Blog series ‘Equitable partnerships: Lessons from practitioners’
Kelsey Shanks and Julia Paulson
The prevalence of conflict and fragility is on the rise globally. Consequently, the need for research to understand causes, dynamics and solutions is crucial. Research informs evidence-based decision-making, underpins the design of practical solutions and ensures that interventions don’t result in harmful impacts. However, conducting research in fragile and conflict-affected contexts comes with challenges that require heightened attention to research ethics.
Many of the challenges of research in fragile contexts are seemingly applicable to international development research or research with vulnerable populations more generally. But it’s important to recognise that these issues are likely to be amplified in fragile environments, as are opportunities for unethical practices. As a researcher in a fragile context, you’re likely encounter extreme scenarios more often and more frequently, creating a multiplicity of challenges.
The unique circumstances generated by fragility, conflict and insecurity create heightened vulnerability and necessitate careful consideration of the harm-benefit ratio for potential research participants. We must ask ourselves whether it’s really necessary to collect data from potentially traumatised participants or from people whose participation could make them vulnerable.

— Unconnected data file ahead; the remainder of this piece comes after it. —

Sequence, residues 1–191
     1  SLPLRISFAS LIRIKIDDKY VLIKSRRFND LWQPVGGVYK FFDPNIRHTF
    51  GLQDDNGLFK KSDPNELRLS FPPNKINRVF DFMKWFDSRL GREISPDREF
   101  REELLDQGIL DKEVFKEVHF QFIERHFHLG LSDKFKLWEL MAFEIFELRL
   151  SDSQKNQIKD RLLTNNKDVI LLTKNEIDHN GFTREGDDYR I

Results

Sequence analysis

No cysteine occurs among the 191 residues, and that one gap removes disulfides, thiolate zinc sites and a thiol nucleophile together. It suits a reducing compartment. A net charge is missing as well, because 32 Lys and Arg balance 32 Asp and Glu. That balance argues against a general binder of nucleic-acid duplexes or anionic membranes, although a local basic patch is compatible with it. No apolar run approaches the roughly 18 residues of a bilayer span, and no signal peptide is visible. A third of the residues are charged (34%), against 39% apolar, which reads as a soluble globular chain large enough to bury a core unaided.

Furthermore, it is essential to consider how research engages with inherent power dynamics, often exacerbated in these contexts, between international and national, and national and local community, researchers, and between researchers representing different positions in the locality. Researchers need to be upfront about the incentive structures, unequal burdens and structural limitations that often work against the establishment of equitable partnerships. They also need to take steps to mitigate them.
We must pay attention to epistemic, material, and geopolitical injustices/inequalities in the research ecosystem to challenge the Northern domination of knowledge production, including about conflict and its solutions. As white women, educated in the UK and Canada and employed at UK Universities, we see the benefit our positions afford us and the privileges that allow us to benefit professionally from the injustices in the research landscapes of fragile and conflict-affected contexts. Our work in this space seeks to help challenge the unethical nature of this system.
Many researchers have noted that the current ethical research guidelines for working in areas experiencing fragility, insecurity or conflict fail to support researchers who want to mitigate against such injustices. Existing resources have been critiqued for being abstract, focused solely on data collection (ignoring other features of the research landscape), detached from the realities of academia and research institutions in the Global South, and potentially extractive.
Responding to this criticism, UKRI and UNICEF Innocenti have drawn on our recent paper to create a set of guidelines for applicants wishing to work in contexts affected by conflict and fragility.
The guidelines are grounded in the understanding that achieving ethical research in fragile spaces is not dependent solely on activity at the research site, but also on the political economy of knowledge production and decisions made across the entire ecosystem of a research project. They provide a unique tool for applicants to assure themselves that their research projects will give systematic and on-going consideration to the ethics of research in fragile and conflict-affected contexts.